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est. 1868: The Biggest Birthday Banner

birthday banner featured

Imagined as our largest birthday greeting, a stunning celebratory textile is on display in the biggest section of est. 1868.  

The dark red, silk body is lined with a plain weave fabric. It is embroidered with silk floss, plied silk and wrapped gold threads, which are worked in running stem, satin stitch and a variety of filling stitches. A central panel of Chinese calligraphy is surrounded by vignettes and symbolic images associated with good fortune and happiness.

Textile scholar and former Otago Museum honorary curator Margery Blackman arranged to have the two-ply gold silk thread lettering translated when preparing the hanging for display in the 1998 exhibition she curated, From Emperor’s Court to Village Festival. [1]

As Margery has documented, the hanging celebrates the life of Anren Wu “on her 71st birthday on the 23rd day of the eighth month of 1829. Her maiden name was Zu and she was given the honorific title Tai Anren because both her husband and son were sixth grade government officials. The word shounu (birthday mother) was used to praise a woman of able and virtuous character. ‘She is like an orchid’s refreshing fragrance, noble minded, moral and clean as jasper. When her birthday comes, her family and friends will unite in celebration to eloquently praise her virtue and appearance.’ ”

The text was written by Zu Tai Anren’s nephew, the scholar, Guanying Zeng. The characters were prepared for embroiderers to follow by a cousin-in-law, Baoto Yan. [2] Margery suggests that after those personal and familial origins, the hanging was eventually made in a professional workshop.

Cheung et al have noted that birthday hangings were a popular and traditional gift to present auspicious wishes in China in both the Ming (1368–1644) and Qing dynasties (1644–1911).  Commissioned by younger relatives or colleagues, they were placed on view at a birthday banquet. [3]

Looking at the Lady Zu Tai Anren’s birthday hanging after reading a recent article by Alya Lepine [4] led me to see connections between aspects of its tradition and that of European embroidery samplers; in particular the stitching of relatives’ names, the demonstration of needlework skills, and the display of textile art that connects women’s lives to larger cultural histories.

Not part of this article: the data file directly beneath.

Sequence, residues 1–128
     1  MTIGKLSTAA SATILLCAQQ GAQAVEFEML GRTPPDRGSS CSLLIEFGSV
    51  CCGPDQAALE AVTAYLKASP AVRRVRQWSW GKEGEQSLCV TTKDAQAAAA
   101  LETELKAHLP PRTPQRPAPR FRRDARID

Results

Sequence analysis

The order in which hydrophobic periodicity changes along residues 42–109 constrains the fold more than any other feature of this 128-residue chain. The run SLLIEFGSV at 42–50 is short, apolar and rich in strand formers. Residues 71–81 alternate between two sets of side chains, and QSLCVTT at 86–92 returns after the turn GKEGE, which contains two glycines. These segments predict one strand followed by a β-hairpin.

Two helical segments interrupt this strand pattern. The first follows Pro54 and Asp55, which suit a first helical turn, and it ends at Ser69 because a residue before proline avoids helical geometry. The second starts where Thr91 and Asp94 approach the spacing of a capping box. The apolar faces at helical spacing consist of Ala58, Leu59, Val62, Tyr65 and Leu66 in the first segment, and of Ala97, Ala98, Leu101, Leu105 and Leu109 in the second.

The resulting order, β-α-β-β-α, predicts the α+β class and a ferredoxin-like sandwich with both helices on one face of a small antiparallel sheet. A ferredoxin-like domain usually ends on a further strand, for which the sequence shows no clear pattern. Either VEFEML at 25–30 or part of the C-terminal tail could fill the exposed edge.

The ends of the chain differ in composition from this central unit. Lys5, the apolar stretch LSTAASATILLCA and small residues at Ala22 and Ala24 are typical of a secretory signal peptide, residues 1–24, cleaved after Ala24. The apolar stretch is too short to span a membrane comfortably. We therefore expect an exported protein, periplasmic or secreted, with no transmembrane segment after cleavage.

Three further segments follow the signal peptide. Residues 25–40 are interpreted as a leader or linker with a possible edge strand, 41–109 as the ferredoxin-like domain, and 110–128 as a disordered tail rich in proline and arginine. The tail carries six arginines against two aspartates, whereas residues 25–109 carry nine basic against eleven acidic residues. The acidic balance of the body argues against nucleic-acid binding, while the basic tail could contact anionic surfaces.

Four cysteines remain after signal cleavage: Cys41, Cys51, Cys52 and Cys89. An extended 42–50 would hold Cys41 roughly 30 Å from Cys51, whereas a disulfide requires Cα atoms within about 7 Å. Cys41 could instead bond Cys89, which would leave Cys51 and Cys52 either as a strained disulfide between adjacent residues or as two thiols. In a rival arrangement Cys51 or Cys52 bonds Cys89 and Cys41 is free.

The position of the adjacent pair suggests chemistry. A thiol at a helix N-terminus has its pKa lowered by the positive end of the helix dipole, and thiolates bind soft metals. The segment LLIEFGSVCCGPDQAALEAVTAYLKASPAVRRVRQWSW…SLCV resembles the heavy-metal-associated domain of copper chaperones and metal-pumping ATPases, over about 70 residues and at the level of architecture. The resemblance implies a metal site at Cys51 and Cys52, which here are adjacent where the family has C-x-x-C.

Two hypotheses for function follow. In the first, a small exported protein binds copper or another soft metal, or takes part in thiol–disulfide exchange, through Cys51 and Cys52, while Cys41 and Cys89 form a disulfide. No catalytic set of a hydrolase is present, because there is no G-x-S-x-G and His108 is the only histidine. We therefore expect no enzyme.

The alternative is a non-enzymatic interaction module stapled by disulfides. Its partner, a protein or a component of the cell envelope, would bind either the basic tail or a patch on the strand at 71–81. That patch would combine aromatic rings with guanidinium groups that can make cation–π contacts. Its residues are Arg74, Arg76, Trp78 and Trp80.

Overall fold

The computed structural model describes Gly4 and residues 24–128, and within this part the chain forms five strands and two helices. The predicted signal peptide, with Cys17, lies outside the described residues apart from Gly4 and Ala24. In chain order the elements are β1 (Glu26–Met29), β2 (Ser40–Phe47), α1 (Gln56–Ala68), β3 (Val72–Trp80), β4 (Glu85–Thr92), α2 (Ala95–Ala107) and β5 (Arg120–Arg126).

birthday banner

Image: Embroidered birthday banner. People's Republic of China, early 19th century. D42.491. Gift of the Otago and Southland Chinese Association; Otago Museum Collection. By Kane Fleury © Otago Museum.

The hanging came to the Museum through the generosity of the Otago and Southland branch of the Chinese Association of New Zealand, who purchased it at the Churchill auction held in the Otago Art Society’s rooms at 9 Dowling Street in October 1942. 

As Anna Blackman of the Hocken Collections has explained, four Churchill auctions were held in New Zealand in 1942 to raise funds for the Provincial Patriotic Councils. “The idea was started when Prime Minister Peter Fraser visited Winston Churchill in England. Churchill made a gift of a book written by an earlier Sir Winston Churchill and published in 1675, Lives of all the Kings of this Isle, to be auctioned in NZ to raise patriotic funds. Hearing of this gift the writer Pat Lawlor contacted the Department of Internal Affairs and suggested that they encourage local committees to organise local auctions of donated material to augment the funds raised by the sale of the book. People up and down the country were encouraged to donate their rare books, documents, manuscripts, paintings, prints and Maori and historical “curios” to the cause.” [5] 

 

banner ad 

Image: Otago Daily Times, October 1942: 6.

 

Two months later, under the heading “New Features at the Museum”, the Otago Daily Times reported:  “A magnificent silk embroidered Chinese banner, 20 feet in height by 12 feet in width, was one of the outstanding new exhibits which were on display when the Otago Museum was visited on Wednesday by members of the Association of Friends. The border is embroidered with Chinese scenes in brilliant colours, and the centre is occupied with an inscription in Chinese character, the beauty of which is just as striking. The banner, which is believed to be about a century old, was presented to the Churchill auction by Mr Arthur Barnett, and was purchased there and presented to the Museum by the Otago and Southland branch of the Chinese Association of New Zealand.” [6] 

 

Help us give est. 1868 one final hurrah on Thursday 11 April. After Dark @ OM will feature the biggest sounds, the sexiest performances and the tastiest culinary  experiences. 7pm–10pm, R18. Book tickets here.  
  

[1] Margery Blackman, 1998. Emperor’s Court to Village Festival: Chinese costume and textiles from the collection of the Otago Museum exhibition catalogue. Otago Museum, with support from Asia 2000. 

[2] Margery Blackman, 2012. "Celebrating a Birthday in China". Context 24, pp.20-26.

[3] Cheung, A, Sam, L, Messerschmidt, L and Yeung, E, 2014. "The analysis and conservation of a Chinese silk birthday hanging of the Qing dynasty". Studies in Conservation, 59(sup1), pp.S28-S31.

[4] Ayla Lepine, 2019. "Fabric and Faith". Christianity and Art 97: 6

[6] Otago Daily Times, 11 December 1942: 2.

Top image: Embroidered birthday banner. People's Republic of China, early 19th century. D42.491. Gift of the Otago and Southland Chinese Association; Otago Museum Collection. By Kane Fleury © Otago Museum.

 

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